Although building elements produced in accordance with known spraying techniques of the type described above whose thickness lacks the precision necessary for certain usages can be used within certain other fields of use, these building elements still exhibit a multiplicity of disadvantages of varying degree of seriousness. The product must be relatively thick and heavy. It must be dimensioned according to the worst result of a production series. Thus, it is expensive to manufacture. This is of particular significance when the sprayed material is expensive or when an additive therein is expensive. Other disadvantages include those from a pure functional aspect or a pure aesthetic nature.

In the case of a sprayed binding material containing glass fibers, contact between the material and the fibers is often poor, particularly when the material contains a large quantity of fibers and the binding material has a relatively high viscosity. This problem can be solved to a certain extent, by, for example, using an aluminium roller, with which the glass fibers are rolled and pressed into more intimate contact with the binding material. It is not possible with this method, however, to obtain a high-grade product of uniform thickness and with a smooth surface and good surface finish.

It has now been found possible to overcome the disadvantages of products obtained by conventional spraying of the binding material, optionally containing additives, simultaneously onto two mutually adjacent and preferably mutually horizontal mold halves exhibiting surface curvatures which correspond to each of the two desired main surface shapes of the product. Subsequent to spraying the material thereinto, optionally whilst vibrating the mold halves, the mold halves are pressed together with the sprayed material therebetween until the distance between the two halves is equal to the desired thickness of the product. The thus pressed material is then permitted to set or cure and the mold halves separated in order to release the pressed and cured product.

The present invention is concerned with a method of manufacturing objects having two shaped surfaces from setting material in which a discrete quantity of this material is applied to a mold portion having a surface corresponding to one of the shaped surfaces of the object and is permitted to set or cure therein. The improvement comprises applying a discrete quantity of the setting material also to a mold portion having a surface corresponding to the second shaped surface of the object and while the setting material in the mold portions is still shapable, bringing said mold halves together to a mold in which the quantities of shapable material are pressed against each other to form the desired object after which the latter is separated from the mold portions.

It is possible by means of the novel method to produce a product of, inter alia, precise thickness, good surface finish, a high degree of homogenity and of high density in a sequence of application, pressing, curing and releasing steps.

To prevent pockets of air or air-pores forming at the interface or contact surface between the applied quantities of material in the two mold halves when the mold halves are pressed together, the mold halves, prior to and subsequent to the beginning of this pressing operation, are moved towards each other at a certain angle therebetween. In this way it is possible to avoid, to a large extent air being enclosed within the material and the formation of pores in the pressed and cured product.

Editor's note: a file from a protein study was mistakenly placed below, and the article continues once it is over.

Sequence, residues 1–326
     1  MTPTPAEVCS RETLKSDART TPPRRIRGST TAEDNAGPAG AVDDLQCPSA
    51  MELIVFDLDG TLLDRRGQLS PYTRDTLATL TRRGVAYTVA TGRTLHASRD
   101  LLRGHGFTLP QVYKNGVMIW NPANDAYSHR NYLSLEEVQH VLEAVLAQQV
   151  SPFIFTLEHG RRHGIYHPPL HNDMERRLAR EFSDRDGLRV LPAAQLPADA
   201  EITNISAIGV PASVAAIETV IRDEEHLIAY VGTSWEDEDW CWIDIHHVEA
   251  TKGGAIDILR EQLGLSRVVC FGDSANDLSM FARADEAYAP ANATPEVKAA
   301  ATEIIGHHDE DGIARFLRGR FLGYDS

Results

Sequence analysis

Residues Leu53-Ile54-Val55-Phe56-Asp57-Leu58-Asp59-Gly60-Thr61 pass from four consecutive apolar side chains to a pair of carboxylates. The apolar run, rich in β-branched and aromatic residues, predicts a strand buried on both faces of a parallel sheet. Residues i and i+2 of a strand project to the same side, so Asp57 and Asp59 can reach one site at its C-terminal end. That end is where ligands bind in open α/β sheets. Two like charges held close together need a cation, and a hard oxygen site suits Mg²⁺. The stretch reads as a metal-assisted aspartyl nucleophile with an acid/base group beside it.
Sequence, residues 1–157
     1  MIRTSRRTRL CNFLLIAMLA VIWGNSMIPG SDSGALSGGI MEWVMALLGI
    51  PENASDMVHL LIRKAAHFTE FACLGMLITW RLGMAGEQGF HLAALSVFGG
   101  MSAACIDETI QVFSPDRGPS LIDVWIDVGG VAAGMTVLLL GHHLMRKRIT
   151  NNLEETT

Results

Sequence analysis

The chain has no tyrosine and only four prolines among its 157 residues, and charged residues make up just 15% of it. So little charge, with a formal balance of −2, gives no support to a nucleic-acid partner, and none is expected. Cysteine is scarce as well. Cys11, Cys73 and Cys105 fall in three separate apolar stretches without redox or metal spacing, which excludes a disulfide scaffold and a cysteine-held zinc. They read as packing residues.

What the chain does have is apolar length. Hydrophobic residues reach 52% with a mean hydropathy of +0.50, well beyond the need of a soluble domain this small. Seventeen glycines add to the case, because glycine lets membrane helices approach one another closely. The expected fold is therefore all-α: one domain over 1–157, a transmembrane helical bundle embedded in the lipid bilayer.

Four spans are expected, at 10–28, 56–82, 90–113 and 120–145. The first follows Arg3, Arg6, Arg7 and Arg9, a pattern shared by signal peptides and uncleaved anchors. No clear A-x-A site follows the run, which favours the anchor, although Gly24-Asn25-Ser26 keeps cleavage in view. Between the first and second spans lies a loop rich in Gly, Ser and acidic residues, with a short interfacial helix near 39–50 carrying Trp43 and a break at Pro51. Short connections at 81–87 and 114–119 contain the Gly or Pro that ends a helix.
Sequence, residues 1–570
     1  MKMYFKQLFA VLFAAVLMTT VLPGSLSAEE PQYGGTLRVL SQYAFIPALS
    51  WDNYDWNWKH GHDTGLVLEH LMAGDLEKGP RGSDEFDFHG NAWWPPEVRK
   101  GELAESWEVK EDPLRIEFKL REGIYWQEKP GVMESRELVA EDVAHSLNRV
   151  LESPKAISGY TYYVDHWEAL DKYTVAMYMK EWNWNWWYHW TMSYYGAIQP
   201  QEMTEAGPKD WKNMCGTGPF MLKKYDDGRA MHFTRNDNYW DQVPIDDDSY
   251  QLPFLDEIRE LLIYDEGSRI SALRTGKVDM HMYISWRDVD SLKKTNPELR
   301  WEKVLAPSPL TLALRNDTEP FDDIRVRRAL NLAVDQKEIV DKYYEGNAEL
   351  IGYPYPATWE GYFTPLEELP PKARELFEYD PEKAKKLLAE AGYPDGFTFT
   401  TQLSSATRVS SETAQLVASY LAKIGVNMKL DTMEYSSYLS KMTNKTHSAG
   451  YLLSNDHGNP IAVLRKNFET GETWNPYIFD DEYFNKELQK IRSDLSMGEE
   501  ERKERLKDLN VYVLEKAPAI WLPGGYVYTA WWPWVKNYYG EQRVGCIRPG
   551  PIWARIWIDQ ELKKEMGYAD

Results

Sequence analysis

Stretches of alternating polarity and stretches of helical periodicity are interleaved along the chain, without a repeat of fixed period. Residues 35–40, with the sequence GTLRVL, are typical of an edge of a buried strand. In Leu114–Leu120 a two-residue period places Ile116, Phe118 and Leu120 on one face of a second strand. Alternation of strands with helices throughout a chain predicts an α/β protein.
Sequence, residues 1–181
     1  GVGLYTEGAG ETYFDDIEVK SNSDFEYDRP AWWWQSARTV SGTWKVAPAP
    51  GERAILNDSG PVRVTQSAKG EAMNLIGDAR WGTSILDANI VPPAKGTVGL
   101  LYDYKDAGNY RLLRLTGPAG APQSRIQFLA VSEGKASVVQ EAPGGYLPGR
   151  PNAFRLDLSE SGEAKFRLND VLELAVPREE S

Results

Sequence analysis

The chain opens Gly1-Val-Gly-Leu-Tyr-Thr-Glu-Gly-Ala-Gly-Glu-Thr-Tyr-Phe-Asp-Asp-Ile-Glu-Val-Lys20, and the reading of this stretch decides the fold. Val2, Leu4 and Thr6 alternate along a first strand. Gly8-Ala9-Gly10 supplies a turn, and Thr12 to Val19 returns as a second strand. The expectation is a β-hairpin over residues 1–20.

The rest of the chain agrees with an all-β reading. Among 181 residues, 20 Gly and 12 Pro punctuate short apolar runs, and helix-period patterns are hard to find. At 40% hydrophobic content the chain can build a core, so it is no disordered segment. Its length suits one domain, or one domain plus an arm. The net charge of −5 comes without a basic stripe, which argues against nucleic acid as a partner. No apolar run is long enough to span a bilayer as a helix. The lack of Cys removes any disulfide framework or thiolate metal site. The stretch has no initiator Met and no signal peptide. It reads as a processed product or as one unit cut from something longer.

In accordance with a further embodiment of the invention, at least one of the mold halves is bendable and is curved, for example to parabolic shape, prior to moving the two mold halves together. Subsequent to beginning the pressing operation, the mold halves are gradually levelled out and are optionally completely levelled out upon completion of the pressing operation. When a mold is formable, bendable and bent in this manner, a high degree of precision must be expected of the pressplate urged by the press apparatus against the curved mold. The press-plate functions, together with the bendable mold, as the mold itself. During the pressing operation, one of the mold halves, both of which lie substantially horizontally on a supporting surface subsequent to the spraying operation, can be turned through 180 by means of a gripping device or the like, and moved against the other mold half so that the quantities of sprayed material contained in said mold halves contact each other in a fully overlapping condition. It is assumed here, of course, that the applied material is of high viscosity and that adhesion between the surface of the turned mold half and the applied material is good, so that the contours of the material of the turned mold halves are not deformed or the material drops or falls from the molding surface of the mold halves.

If the contours are likely to be deformed or the material is not likely to adhere satisfactorily to the molding surfaces, each of the two mold halves is turned through only 90 by means of two gripping devices and moved to their rest position against each other with binding material applied by spraying between the mold halves.

A short time after fully completing the pressing operation, the package comprising the two mold halves and the pressed material can be freed from the pressing apparatus and turned to a horizontal position during the setting period.